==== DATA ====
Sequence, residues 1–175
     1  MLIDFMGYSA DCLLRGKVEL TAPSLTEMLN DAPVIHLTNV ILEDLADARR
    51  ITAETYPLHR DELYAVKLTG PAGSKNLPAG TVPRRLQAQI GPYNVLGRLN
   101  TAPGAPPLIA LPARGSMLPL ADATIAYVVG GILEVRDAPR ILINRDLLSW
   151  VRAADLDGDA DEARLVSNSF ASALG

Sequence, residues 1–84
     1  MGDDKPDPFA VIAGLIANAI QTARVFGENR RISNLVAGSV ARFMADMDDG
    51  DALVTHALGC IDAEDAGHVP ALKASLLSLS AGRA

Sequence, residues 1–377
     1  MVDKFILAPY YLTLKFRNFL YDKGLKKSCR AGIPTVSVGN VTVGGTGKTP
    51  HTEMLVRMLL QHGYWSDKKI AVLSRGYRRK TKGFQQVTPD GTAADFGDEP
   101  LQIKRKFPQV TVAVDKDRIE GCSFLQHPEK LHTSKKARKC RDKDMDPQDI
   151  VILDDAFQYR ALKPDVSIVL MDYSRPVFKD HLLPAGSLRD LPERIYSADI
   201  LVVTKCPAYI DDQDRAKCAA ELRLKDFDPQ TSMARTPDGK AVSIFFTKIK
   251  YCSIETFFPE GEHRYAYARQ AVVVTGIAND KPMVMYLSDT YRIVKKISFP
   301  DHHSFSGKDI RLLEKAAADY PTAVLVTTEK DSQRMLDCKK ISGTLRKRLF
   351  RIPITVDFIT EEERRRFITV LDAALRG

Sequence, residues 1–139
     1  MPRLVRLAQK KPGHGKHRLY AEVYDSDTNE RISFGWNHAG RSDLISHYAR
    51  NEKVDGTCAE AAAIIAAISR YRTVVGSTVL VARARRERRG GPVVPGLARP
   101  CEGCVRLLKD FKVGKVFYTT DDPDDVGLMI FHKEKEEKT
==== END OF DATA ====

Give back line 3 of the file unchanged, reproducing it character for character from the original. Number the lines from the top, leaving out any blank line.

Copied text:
    51  ITAETYPLHR DELYAVKLTG PAGSKNLPAG TVPRRLQAQI GPYNVLGRLN